The turbos we’ll be talking about in this section will primarily be OEM-style turbos. Yes, the stock 3.5 EcoBoost twin turbo setup can handle this amount of power. Even if you aren’t looking for massive power gains, there are still advantages to upgrading. Among the advantages of these “modest” F-150 EcoBoost turbos are:

  • Increased top-end power
  • Flow more air at lower PSI levels.
  • Longevity booster
  • Less heat, back-pressure, and so on.

The majority of these turbo setups will be stock frame turbos with internal upgrades. To put it another way, the stock turbo housing has been bored to accommodate larger, higher-flowing internals. These 3.5 EcoBoost turbo upgrades will improve top-end power by retaining more power at the top. When you look at stock turbo dynos, you’ll notice that they lose a lot of power and torque at higher RPMs.

Larger internals, on the other hand, allow the turbo to flow more air at lower boost levels. Simply put, 3.5 EcoBoost turbo upgrades are more efficient. They’ll generate less heat and have lower back-pressures. All of this is good news for turbo and engine longevity and dependability.

The Upgrade Instructions for the Ford 3.5 EcoBoost Twin Turbo

Modifications to Support 450-500whp

A few supporting mods for 450-500whp turbo setups are as follows:

  • Tune
  • Intake
  • Downpipes
  • ntercooler
  • Fueling modifications (2011-2016 gen 1 engines)

The links for tunes, intakes, and downpipes above lead to more detailed articles on these modifications. We’ll have an intercooler, fueling mods, and a slew of other guides for the 3.5 EcoBoost soon. In any case, these basic bolt-on mods are a good place to start if you want to make 450-500whp. Keep in mind that upgraded turbos will necessitate a custom tune.

To generate this kind of power, we recommend using E85 mixtures. It is not strictly necessary for modest goals such as 450whp. However, as you approach 500whp, E85 is an excellent choice. To run that much power on heavy E85 mixes, older gen 1 F-150 EcoBoost engines will require some fueling upgrades. If you need more fuel flow, the Livernois Motorsports HPFP upgrade is a great option. Most fueling systems from 2017 and later should be able to handle this level of power. After that, let’s get into the actual 3.5 EcoBoost turbo upgrades for 450-500whp.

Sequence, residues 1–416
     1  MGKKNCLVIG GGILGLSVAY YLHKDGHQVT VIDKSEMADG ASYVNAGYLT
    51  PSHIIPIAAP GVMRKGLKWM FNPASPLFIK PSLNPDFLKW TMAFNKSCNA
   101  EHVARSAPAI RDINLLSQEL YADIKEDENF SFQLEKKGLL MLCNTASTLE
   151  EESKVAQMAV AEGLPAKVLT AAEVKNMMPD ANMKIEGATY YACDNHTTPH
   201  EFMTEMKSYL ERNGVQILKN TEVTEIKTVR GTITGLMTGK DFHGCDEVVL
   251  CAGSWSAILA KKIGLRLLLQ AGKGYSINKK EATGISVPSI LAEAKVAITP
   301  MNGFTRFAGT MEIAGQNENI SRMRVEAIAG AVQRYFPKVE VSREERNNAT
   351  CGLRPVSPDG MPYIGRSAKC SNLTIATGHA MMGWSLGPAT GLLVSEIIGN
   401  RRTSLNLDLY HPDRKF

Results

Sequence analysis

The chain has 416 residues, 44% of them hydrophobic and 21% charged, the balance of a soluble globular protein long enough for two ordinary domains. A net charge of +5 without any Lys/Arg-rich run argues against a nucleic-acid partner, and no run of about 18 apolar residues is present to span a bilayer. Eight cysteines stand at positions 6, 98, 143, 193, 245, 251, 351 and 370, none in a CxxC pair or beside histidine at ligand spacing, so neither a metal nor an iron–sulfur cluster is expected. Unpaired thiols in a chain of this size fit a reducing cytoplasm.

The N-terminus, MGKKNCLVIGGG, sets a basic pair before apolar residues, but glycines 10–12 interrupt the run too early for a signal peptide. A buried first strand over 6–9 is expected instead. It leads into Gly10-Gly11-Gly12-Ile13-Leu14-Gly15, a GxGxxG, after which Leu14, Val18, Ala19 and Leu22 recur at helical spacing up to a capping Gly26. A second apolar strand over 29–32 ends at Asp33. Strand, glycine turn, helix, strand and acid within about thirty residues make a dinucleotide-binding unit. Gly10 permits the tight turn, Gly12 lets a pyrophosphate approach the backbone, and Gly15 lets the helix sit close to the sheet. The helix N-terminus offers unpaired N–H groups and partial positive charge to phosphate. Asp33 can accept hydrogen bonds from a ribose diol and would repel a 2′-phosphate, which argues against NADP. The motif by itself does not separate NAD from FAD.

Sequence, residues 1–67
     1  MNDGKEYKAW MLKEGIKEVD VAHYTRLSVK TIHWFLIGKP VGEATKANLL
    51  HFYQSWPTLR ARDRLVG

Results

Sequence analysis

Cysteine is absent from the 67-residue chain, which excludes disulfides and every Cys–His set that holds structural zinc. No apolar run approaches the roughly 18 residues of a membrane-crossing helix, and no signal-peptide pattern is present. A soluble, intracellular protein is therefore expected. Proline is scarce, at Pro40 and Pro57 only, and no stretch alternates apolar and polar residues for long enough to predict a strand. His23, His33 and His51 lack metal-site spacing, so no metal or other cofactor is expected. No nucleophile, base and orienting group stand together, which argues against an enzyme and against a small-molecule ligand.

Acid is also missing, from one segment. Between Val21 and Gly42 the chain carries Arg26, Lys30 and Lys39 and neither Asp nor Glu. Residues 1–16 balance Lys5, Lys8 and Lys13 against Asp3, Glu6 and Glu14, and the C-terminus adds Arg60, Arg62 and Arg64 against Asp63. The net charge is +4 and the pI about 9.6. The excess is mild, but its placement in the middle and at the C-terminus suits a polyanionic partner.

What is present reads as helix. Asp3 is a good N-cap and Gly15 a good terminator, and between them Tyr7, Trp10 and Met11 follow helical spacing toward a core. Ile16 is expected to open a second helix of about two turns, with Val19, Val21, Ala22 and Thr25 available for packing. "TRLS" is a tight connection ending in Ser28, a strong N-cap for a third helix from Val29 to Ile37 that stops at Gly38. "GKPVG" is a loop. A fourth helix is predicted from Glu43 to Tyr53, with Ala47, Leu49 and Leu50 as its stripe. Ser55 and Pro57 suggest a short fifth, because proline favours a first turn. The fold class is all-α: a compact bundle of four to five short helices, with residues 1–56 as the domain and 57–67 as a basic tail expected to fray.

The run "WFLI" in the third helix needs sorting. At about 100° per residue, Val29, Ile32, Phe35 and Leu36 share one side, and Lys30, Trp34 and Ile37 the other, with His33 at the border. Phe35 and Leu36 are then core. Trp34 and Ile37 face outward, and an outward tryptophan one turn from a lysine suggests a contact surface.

Supporting Modification Costs: $2,000-3,500

1. CR Performance 42mm Stage 3 Turbos (450-525+whp)

Price: $1,250 – 4,025

Options from 2011 to 2017

Dyno F-150 3.5 V6 EcoBoost Upgraded Turbos

This article will make several more references to CR Performance (CRP). They’re a popular option for F-150 3.5 EcoBoost turbo upgrades. They also have a large selection of options for ALL 2011-2020+ trucks. This is limited to their 42mm stage 3 turbos, which are intended for 2011-2017 models. Stage 3 kits for 2018+ EcoBoost engines are larger and provide significantly more power, so they do not fit in this category.

In any case, these turbos have two options. The first employs brand new Ford turbochargers that have been upgraded by CR. These cost between $3,000 and $4000, but they are a good option if you want something brand new. Otherwise, you can find used turbos or remove them from your F-150 and send them to CR Performance for upgrading. This option has a starting price of $1,650. A super core set is available for $1,275 on 2013-2016 models.